Trial to store benefits claimants' personal data on blockchain slammed

Could expose highly sensitive info, says Open Data Institute


A government experiment to store the information of benefits claimants using blockchain tech has been slammed by experts, who have warned it could expose highly sensitive personal data.

London-based fintech company GovCoin Systems has partnered with Barclays, RWE npower and University College London to trial blockchain technology for UK’s Department for Work and Pensions (DWP).

Minister for Welfare Reform at the DWP, Lord Freud, said: "Claimants are using an app on their phones through which they are receiving and spending their benefit payments. With their consent, their transactions are being recorded on a distributed ledger to support their financial management.”

The trial is of 30 people and follows a report by the UK's chief scientific advisor into distributed ledger technology earlier this year.

Controversially, the report stated the technology could also impose spending restrictions through the technology. "It would be possible - with agreement from the benefit claimant in question - to set rules at both the recipient and merchant ends of welfare transactions," it said.

However, non-profit body the Open Data Institute, has said the irreversibility and transparency of public blockchains mean they are "probably unsuitable for personal data.” In its own report into the application of the tech, the body warned its use could infringe on people’s privacy, particularly given increasing issues around doxing, identity theft and the right to be forgotten.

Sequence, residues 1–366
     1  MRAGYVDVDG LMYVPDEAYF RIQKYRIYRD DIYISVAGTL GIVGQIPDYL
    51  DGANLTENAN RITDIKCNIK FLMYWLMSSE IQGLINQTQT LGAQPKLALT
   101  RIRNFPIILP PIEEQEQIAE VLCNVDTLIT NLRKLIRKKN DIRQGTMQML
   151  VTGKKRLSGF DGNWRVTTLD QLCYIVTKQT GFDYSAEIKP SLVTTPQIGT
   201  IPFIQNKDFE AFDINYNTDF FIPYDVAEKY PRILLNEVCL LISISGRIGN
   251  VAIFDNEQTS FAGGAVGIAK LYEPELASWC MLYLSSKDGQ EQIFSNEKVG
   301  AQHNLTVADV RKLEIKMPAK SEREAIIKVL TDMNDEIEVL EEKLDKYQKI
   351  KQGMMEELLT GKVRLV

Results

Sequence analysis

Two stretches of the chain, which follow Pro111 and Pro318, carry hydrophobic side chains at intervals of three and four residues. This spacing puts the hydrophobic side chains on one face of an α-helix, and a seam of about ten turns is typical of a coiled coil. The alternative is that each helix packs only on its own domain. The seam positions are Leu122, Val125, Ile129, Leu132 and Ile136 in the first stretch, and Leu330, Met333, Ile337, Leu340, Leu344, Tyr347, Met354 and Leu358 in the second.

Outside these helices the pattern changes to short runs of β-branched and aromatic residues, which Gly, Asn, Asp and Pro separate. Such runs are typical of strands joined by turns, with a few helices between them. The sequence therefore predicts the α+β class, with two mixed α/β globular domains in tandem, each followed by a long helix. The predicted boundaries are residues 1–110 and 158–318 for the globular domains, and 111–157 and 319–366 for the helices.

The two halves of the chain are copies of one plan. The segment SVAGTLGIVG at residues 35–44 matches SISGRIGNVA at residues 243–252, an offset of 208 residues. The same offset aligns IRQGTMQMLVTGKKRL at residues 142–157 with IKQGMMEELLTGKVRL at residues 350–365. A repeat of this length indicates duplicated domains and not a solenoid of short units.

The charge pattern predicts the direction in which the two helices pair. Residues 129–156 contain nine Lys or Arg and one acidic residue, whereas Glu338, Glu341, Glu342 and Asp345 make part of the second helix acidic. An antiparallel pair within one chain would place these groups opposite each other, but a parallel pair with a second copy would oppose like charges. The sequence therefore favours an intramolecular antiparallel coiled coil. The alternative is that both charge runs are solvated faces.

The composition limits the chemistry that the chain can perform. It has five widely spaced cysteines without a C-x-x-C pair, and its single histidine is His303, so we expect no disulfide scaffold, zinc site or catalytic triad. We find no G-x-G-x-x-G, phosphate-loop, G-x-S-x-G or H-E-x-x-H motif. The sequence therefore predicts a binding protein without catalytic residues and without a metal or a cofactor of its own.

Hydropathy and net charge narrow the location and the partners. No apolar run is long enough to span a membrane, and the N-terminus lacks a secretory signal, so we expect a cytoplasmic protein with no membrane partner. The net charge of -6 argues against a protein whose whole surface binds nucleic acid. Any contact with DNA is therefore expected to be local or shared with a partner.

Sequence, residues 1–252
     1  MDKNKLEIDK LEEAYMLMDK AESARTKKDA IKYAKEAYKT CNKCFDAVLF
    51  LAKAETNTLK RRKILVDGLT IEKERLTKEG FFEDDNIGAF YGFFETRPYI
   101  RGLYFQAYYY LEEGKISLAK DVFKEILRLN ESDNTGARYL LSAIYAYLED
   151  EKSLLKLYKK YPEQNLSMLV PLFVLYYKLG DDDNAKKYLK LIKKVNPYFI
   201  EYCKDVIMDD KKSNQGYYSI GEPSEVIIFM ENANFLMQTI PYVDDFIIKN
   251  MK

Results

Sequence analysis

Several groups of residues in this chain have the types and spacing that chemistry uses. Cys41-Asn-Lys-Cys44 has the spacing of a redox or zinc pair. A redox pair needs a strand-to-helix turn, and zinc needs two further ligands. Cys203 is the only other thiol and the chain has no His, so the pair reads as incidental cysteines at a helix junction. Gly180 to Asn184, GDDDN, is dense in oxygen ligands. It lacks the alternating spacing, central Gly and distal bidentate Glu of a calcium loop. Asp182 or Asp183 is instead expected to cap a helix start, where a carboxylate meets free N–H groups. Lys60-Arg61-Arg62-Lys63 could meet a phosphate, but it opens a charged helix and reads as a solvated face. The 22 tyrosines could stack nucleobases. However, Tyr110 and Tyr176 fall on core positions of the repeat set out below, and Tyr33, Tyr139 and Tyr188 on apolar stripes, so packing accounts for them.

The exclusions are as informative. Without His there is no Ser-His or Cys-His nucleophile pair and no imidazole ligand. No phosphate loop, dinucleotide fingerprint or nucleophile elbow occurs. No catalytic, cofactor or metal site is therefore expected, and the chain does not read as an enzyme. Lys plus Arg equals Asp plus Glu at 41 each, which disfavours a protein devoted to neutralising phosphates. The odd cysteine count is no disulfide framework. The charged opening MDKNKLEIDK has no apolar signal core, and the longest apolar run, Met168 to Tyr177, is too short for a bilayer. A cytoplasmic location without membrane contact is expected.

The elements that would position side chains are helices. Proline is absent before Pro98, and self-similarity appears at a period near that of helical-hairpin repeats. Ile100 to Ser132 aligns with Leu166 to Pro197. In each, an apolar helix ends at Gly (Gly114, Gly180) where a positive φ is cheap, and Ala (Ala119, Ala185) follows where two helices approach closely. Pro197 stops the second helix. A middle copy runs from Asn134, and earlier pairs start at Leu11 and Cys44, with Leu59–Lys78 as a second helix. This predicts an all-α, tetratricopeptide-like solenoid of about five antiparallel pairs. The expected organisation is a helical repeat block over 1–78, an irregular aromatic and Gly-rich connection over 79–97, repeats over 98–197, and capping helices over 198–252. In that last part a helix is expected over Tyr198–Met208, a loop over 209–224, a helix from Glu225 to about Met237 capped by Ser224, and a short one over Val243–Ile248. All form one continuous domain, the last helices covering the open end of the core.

"Some of the proposed uses for blockchain – such as to record auditable benefits payments – threaten to expose this kind of information about a much wider range of people, the benefits they receive and with whom they spend them,” it said.

Jeni Tennison, deputy CEO of the ODI, said the idea of using blockchains for benefit payments is "very concerning" even if, as DWP suggests, this is being done on the basis of a voluntary trial.

She said: "It is important to try out new technologies, but as we highlighted in our report, experimenting with putting highly personal data in immutable data stores is fraught with danger.

"To avoid undermining trust in government’s use of data, DWP should be much more open and transparent about the policy objective of these trials, the safeguards they are putting in place to limit the risks, and the lessons being learned through the trial.”

Director of Policy for the Gingerbread charity for single parents, Dr Dalia Ben-Galim, said there was also a concern that GovCoin could place further restrictions on claimants.

Ben-Galim added: “Of greater concern than GovCoin is the decreasing level of welfare support for families across the UK. Single parents are already disproportionately hit by welfare cuts, with analysis showing that child poverty in one-parent families is set to double by 2020."

A spokesman from the DWP said: “We will continue to monitor new innovations in the marketplace which would represent value for money, safeguard information and protect and improve payments to customers.

“This trial is designed to explore how distributed ledger technology could help support financial inclusion and budgeting support through the anonymous capture of data and does not place any restrictions or limits on what a claimant can spend their welfare payments on.” ®

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